[R-sig-ME] Fwd: Re: Wald F tests
Ben Bolker
bolker at ufl.edu
Sat Oct 11 23:06:20 CEST 2008
Yes, this is partly tongue in cheek, and I agree that
hypothesis testing is overemphasized (I suspect that many
of the r-sig-mixed-models regulars would also agree). Let's
say we want to construct confidence intervals rather than
test null hypotheses. Then our choices are something like
* construct Z- or t-based confidence intervals from
estimated standard error
* bootstrap confidence intervals
* mcmcsamp confidence intervals
which correspond to c,d,e below. I suppose another
choice (corresponding more or less to b, LRT)
would be likelihood profile
confidence intervals, but I would really worry in
this case that the known anticonservatism of LRTs
would translate to profile confidence intervals
with poor coverage.
Most of the difficulties that arise in null-hypothesis testing have
analogues in constructing appropriate confidence intervals.
cheers
Ben Bolker
>> c F tests (LMM) or Wald tests (GLMM) [ignore mismatch with hypothesized
>> null distributions]
>> d bootstrapped confidence intervals
>> e [mcmcsamp confidence intervals -- if available]
>> f randomization/simulation tests of nested null hypotheses
>> g AIC comparisons [ignore that prediction != hypothesis testing]
John Maindonald wrote:
> I think it is going too far to say that one should not be
> testing hypotheses (the implication of that "is soooo 20th C"?).
> But the place of that activity is much more limited than is
> commonly recognized.
>
> Basically, I do not like the range of options that this (half-serious?)
> survey has on offer, and I'd need to write half a page or more
> to explain why. Democracy maybe, but (as I suppose is
> always the case in the political democracies that are on offer)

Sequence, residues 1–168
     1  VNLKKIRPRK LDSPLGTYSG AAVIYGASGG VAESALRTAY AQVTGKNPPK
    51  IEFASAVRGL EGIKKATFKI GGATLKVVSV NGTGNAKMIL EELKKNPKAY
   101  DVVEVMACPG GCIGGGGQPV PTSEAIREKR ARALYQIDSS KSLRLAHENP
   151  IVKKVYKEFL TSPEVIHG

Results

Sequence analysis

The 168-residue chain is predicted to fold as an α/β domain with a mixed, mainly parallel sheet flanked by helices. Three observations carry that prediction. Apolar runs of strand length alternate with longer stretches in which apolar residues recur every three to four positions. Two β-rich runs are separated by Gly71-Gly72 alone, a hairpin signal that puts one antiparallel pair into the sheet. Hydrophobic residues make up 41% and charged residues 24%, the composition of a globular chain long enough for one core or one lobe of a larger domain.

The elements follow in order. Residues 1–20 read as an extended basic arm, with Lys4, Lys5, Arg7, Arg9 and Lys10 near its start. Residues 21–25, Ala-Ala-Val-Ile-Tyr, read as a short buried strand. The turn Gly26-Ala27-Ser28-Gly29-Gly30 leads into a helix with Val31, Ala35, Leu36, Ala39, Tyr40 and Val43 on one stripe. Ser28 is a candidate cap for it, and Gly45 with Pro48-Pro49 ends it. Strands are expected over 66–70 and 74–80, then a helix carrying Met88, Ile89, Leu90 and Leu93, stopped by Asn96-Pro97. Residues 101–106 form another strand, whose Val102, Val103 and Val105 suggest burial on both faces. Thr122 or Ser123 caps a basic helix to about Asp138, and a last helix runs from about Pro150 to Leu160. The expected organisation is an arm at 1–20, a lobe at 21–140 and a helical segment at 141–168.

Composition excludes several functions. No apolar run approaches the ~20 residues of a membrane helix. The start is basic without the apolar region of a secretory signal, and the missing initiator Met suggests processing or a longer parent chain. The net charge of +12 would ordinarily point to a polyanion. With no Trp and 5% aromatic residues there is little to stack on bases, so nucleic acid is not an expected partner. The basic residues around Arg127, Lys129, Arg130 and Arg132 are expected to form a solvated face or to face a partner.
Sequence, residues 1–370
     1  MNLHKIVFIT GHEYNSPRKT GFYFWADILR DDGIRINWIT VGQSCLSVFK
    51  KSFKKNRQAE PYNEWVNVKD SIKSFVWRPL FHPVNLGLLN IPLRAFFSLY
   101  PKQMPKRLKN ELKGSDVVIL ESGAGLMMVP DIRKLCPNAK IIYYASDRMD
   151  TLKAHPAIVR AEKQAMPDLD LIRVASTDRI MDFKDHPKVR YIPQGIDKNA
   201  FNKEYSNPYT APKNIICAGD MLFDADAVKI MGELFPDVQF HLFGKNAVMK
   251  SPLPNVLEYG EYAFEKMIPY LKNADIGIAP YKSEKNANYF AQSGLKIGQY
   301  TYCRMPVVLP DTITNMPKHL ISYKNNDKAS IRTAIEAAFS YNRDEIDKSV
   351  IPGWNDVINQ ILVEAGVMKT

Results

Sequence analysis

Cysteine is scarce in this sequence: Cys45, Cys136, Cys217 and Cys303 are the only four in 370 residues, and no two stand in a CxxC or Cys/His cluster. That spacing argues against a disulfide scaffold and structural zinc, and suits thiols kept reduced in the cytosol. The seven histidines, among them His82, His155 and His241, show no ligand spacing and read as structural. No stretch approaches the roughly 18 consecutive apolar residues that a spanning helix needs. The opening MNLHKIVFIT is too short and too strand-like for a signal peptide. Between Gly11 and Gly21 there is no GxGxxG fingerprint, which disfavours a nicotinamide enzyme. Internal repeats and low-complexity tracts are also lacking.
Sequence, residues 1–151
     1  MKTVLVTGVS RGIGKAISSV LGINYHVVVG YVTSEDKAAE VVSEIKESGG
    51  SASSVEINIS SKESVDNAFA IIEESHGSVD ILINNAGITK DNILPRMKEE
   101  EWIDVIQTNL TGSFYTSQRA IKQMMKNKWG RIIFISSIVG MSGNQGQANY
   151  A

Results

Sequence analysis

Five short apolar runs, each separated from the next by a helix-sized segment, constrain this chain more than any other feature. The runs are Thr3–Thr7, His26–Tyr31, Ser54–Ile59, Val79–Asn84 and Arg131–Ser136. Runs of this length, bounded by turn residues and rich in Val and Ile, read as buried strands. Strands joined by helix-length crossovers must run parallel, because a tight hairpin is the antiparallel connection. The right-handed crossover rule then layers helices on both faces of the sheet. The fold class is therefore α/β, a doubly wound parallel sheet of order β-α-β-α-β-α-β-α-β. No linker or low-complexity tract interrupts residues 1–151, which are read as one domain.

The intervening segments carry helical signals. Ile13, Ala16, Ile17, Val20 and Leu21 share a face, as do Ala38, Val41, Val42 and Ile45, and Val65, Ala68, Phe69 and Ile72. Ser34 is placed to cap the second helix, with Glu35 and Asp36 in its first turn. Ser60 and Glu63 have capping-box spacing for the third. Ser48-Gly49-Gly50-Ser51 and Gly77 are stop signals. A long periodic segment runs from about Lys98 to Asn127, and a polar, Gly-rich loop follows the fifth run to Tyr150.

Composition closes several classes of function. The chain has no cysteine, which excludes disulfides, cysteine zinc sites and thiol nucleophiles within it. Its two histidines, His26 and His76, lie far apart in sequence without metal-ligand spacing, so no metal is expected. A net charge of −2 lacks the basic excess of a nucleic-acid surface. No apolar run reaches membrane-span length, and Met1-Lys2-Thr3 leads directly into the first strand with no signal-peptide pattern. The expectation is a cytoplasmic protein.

> the choices are severely constrained.
>
> Where such a hypothesis testing perspective may be
> appropriate, the preferred starting point is almost always
> a confidence interval. Why not ask the comparable questions
> arise for estimation?
>
> There's an editorial in Volume 72(5) (pp.1057-1058) of the
> Journal of Wildlife Management with which I pretty much agree:
> "... understand that the average reader of the Journal is
> interested in the biological questions addressed with your
> work. The analytical framework and resulting results should
> support those questions and flow from them, not overwhelm
> them."
>
> But I guess that Ben would like us to assume that the proper
> support framework is in place!
>
> Note also, on pages 1272-1278 of the same issue:
> "Suggestions for Basic Graph Use When Reporting Wildlife
> Research Results", by Brett Collier.
>
> John Maindonald email: john.maindonald at anu.edu.au
> phone : +61 2 (6125)3473 fax : +61 2(6125)5549
> Centre for Mathematics & Its Applications, Room 1194,
> John Dedman Mathematical Sciences Building (Building 27)
> Australian National University, Canberra ACT 0200.
>
>
> On 11/10/2008, at 6:47 AM, Ben Bolker wrote:
>
>>
>> Does anyone out there have opinions on this subject?
>> How should one test hypotheses about fixed effects in
>> (G)LMMs, especially for small to moderate sample sizes?
>> (Please ignore issues of _estimation_ (PQL
>> vs Laplace vs AGQ vs ...)
>>
>> Should it amuse you to do so, you can vote at:
>>